RELIGIOUS DIVERSITY IN TURKEY – ABDUL WAHAB
Concerning many, diversely most problems, there are multiple conflicting views between individuals who appear to be equally knowledgeable and truthful. Human beings who obviously have access to the right data and are extremely interested in the truth assert conflicting perspectives on, for example, important economic, social, and political concerns.
The religious diversity of this kind can be researched in many ways — for example, from a psychological, anthropological, or historical context. The current discussion will be concerned primarily with the key issues surrounding religious diversity, with which philosophers, especially analytical thinkers of religion, are most concerned at present.
TURKEY, LAND OF HUMAN HABITATION AND DEVELOPMENT:
The land that is known as Turkey is one of the premature areas of human occupancy and evolution. This evolution makes Turkey a land of different civilizations or different religions. Many countries are comprised of Muslims, but the government of Turkey is secular. The Republic of Turkey was signed in 1913 and began with a constitution. Turkey is a country where people are free to practice their religion, whichever they want to choose.
Turkey is a country of multicultural beliefs. However, its religious diversity is neither recognized nor praised. Instead, the government is represented as culturally homogenous, with 99.8% of the Islamic population, a percentage that is more motivated by the compulsory note (“Islam”) in government-issued identification documents and the cultural effort to quash diversity than by the true status-quo of religious views in the state.
WHO WERE ALVIES:
Alevi is a particular religion in Turkey, not to be baffled with Alewit in Syria. They are followers of Ali, the brother-in-law of Prophet Muhammad.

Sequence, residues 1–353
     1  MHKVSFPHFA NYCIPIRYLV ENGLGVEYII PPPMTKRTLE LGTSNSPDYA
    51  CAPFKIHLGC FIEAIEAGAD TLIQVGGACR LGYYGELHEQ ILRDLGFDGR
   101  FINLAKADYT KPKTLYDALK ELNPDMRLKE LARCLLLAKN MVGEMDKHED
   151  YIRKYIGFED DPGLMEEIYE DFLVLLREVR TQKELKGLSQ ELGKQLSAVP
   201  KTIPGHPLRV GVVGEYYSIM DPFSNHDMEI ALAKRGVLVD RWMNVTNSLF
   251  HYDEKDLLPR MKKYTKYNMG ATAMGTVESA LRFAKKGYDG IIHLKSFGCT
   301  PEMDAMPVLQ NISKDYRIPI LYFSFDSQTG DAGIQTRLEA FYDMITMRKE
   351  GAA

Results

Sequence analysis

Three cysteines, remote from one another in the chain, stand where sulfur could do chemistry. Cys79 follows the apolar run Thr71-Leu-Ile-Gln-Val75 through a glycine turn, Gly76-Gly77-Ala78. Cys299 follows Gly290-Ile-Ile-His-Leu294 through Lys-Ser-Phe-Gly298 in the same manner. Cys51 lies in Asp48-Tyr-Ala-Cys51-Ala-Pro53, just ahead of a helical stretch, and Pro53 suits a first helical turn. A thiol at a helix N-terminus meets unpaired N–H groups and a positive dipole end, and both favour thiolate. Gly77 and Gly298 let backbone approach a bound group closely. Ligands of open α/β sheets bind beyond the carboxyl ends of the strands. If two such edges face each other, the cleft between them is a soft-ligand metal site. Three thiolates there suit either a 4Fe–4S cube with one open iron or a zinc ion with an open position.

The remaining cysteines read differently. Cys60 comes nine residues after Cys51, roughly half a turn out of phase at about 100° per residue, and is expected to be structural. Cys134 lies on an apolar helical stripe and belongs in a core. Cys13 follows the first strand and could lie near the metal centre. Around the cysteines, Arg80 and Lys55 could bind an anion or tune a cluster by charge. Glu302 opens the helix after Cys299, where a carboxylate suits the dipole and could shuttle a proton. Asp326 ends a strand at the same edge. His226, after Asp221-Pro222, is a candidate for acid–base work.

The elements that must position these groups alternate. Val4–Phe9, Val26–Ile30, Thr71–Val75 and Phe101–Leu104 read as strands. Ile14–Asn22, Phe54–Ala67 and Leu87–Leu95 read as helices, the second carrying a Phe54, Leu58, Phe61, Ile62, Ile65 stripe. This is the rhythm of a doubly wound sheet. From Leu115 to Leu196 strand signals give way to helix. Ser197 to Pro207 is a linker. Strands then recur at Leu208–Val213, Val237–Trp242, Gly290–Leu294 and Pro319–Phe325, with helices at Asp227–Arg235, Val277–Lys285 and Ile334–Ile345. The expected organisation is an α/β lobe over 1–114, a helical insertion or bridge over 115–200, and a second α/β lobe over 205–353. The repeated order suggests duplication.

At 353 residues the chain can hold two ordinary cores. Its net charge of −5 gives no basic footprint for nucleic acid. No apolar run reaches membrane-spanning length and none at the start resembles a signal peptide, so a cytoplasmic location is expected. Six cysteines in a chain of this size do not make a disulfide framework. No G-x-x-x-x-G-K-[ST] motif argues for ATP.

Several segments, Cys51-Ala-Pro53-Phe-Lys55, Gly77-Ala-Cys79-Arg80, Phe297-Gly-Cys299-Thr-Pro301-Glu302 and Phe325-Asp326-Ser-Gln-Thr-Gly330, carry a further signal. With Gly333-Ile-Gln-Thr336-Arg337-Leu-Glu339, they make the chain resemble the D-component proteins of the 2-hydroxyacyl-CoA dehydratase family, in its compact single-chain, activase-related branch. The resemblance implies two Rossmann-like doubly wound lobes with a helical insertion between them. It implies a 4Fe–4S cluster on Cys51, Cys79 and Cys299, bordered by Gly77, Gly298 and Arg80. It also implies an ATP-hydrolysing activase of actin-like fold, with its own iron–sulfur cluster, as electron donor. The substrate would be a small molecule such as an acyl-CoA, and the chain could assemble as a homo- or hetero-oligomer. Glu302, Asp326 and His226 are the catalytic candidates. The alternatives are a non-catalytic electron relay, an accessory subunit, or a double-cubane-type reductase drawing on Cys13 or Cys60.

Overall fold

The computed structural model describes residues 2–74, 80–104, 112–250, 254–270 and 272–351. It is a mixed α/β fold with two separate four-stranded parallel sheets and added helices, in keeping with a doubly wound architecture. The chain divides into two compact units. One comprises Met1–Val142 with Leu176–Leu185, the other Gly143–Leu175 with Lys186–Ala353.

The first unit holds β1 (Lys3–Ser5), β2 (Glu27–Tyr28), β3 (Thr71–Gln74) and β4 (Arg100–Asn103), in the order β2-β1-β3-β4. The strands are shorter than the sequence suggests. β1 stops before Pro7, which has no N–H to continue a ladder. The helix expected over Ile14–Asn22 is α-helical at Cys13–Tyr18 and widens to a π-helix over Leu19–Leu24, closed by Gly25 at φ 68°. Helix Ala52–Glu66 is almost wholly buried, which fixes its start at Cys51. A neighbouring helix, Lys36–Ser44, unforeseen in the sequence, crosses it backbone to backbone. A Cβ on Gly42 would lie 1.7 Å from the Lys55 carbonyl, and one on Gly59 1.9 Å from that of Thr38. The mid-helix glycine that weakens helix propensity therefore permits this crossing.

It is a religion based on universalist ideals of peace and acceptance expressed in mystical poetry, rather than strict rules, passed on through ancient language. Alevis have been oppressed against and imprisoned in Turkey based on degrading abuse claims that Alevi’s rituals include incestual erotic sex parties.
HUNT OF EQUALITY:
Given the incredible disparities in religious practices between the two different groups, the Turkish government has failed to acknowledge Alevi cem evi as a genuine worship place and offer the same economic help and alleviation as the mosques. Instead, Turkey claims that cem evi is an interaction with nature as if the government were to make any such decisions about religion, particularly the faith that the governing party does not represent — currently not a single politician of the parliament. As the Turkish economy tries its efforts to assimilate, Mr. Erdogan’s objective for Turkey stays his self-proclaimed one religious ideology, one holy place.
However, Alevis has seen worse moments in Turkey. They were marginalized and hassled and confined to assaults and murders, such as during the killings in Sivas, Çorum, Maraş, and Dersim. Erdogan’s opening to Alevi, no matter how short-lived this was, at least guaranteed that Alevi’s reliability could no longer be rejected in Turkey. Consequently, Alevis can now claim rights that they have not previously been able to.
DEMOCRATIC DEVELOPMENT IN TURKEY:
The AK (Justice and Development) Party, which came to power in the 2002 democratic election and keeps going to rule the nation at the current moment, has beliefs functionaries and play a vital outlook on the state’s unstable connection with religious faith. However, even though neither the AK group nor its leader, R. Tayyib Erdoğan, categorically opposed to secularism, has selected to rethink its meaning (Uysal 2013).
“In the 2000s, when secure economic growth picked up steam in reaction to democratic needs, the government started several policy changes needed to restore the rights of both the Muslim majority and the minorities. Most substantial among these was the supply by the Muslim majority to have religious schools and the freedom to use religious symbols in community places”.
The current religious and spiritual activities are mainly high-and middle-income groups; however, college students who are representatives of lower-income groups may also enlist.
Definitely, in the coming years, this will proceed to be one of the previous debates throughout the religious realm in Turkey. Besides, another issue will be the major role of the President of Religious Affairs in the collaboration of faith groups.
Turkey has adopted secularism as a legal provision, but it is also a state in which most people define themselves as religious in one way other and. Motivated and increasing secularism in Turkey’s religion can be explained by a spiritual market model. In particular, field-based empirical studies may help understand the formed faith organizations and groups that proceed to form in Turkey. It is the state of flexible religious practicing and has the freedom of worshipping any religion.
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